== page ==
Motorcycle Helmet Impact Zones

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This is my favourite helmet impact diagram. Yes, it’s old but there’s nothing more recent, and nothing to indicate that conditions have changed to invalidate the results. The source is Dietmar Otte, Medizinische Hochschule Hannover, Abteilung Verkehrsunfallforschung, Germany. Note that 35% of impacts occur in the chin area. Because I like my chin I ride with a full face helmet. This diagram was cited in the Hurt Report, as well as Proficient Motorcycling by David L Hough.

Helmet crash zones. Source: Dietmar Otte, Medizinische Hochschule Hannover, Abteilung Verkehrsunfallforschung, Germany

Helmet crash zones. Source: Dietmar Otte, Medizinische Hochschule Hannover, Abteilung Verkehrsunfallforschung, Germany

Motorcycle Accident Cause Factors and Identification of Countermeasures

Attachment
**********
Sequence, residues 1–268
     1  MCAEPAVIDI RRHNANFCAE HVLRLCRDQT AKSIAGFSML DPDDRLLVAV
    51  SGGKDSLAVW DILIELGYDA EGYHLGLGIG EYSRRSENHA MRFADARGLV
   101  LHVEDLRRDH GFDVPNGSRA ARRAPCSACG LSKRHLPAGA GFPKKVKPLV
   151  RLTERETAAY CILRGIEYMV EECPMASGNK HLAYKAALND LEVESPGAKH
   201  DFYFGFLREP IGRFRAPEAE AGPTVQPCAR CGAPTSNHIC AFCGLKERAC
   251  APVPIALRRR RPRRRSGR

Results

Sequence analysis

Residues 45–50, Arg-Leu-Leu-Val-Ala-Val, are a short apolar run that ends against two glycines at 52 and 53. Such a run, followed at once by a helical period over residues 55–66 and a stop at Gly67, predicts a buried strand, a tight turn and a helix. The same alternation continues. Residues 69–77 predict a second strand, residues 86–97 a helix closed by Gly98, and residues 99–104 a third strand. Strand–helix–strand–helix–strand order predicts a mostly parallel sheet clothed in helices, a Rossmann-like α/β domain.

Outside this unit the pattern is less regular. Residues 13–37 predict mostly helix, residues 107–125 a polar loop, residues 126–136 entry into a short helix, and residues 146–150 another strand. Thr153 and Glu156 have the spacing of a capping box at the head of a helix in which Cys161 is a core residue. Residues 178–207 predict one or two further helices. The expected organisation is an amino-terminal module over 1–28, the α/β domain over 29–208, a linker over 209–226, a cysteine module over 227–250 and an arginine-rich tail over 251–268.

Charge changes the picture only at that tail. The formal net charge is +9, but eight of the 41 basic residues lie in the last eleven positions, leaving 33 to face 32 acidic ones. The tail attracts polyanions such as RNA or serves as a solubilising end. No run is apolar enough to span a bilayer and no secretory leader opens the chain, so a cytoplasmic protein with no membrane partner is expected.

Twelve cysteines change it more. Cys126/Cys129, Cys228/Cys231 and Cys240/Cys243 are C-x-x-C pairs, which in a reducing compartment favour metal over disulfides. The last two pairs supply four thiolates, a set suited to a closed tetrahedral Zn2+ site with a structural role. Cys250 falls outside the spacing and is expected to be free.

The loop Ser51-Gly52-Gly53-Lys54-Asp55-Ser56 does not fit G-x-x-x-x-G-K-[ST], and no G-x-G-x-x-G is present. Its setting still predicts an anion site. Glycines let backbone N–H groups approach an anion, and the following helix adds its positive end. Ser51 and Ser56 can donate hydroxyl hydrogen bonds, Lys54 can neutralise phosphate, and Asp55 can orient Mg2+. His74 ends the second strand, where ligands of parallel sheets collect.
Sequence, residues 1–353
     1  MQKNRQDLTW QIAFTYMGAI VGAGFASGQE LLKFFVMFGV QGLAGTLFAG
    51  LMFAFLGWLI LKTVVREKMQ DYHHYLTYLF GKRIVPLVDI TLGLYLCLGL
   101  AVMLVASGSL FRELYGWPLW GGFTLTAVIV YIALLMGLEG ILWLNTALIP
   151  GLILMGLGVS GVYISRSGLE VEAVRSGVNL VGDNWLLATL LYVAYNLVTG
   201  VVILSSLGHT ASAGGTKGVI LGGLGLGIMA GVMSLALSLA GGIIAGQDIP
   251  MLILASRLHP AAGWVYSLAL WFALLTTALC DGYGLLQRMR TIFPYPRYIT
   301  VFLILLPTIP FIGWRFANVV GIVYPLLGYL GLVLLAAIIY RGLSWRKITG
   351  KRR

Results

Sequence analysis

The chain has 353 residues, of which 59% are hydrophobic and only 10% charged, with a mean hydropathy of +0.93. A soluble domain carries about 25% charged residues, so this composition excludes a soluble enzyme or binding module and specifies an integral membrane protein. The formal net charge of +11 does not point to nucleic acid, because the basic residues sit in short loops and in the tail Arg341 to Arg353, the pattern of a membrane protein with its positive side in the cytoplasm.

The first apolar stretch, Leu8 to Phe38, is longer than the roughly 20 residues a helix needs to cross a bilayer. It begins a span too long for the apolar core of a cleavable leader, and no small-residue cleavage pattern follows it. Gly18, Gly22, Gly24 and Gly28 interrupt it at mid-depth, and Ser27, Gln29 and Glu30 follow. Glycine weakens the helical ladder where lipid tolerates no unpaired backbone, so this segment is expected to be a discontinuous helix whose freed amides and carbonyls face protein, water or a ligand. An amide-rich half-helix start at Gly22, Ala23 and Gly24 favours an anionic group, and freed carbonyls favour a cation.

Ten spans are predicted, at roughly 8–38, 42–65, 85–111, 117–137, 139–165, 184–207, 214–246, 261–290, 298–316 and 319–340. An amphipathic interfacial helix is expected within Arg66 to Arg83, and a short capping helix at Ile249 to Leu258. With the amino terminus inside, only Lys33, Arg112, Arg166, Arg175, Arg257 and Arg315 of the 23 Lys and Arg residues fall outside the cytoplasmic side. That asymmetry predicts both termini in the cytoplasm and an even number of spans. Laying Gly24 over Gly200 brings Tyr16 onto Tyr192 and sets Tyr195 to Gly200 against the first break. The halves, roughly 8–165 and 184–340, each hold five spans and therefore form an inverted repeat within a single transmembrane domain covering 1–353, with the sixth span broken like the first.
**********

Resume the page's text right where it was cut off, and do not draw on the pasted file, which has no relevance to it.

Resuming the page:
The "Hurt" Study

Motorcycle Accident Cause Factors and Identification of
Countermeasures,
Volume 1: Technical Report, Hurt, H.H., Ouellet, J.V.
and Thom, D.R.,
Traffic Safety Center, University of Southern California,
Los Angeles,
California 90007, Contract No. DOT HS-5-01160, January 1981
(Final Report) 

The Hurt study, published in 1981, was a ground-breaking report on the causes
and effects of motorcycle accidents. Although more than 15 years old at this
time, the study still offers riders insight into the statistics regarding
motorcycle accidents and tips on safer riding.

With funds from the National Highway Traffic Safety Administration, researcher Harry Hurt (from which the study gets its common name) of the University of Southern California,
investigated almost every aspect of 900 motorcycle accidents in the Los Angeles
area. Additionally, Hurt and his staff analyzed 3,600 motorcycle traffic
accident reports in the same geographic area.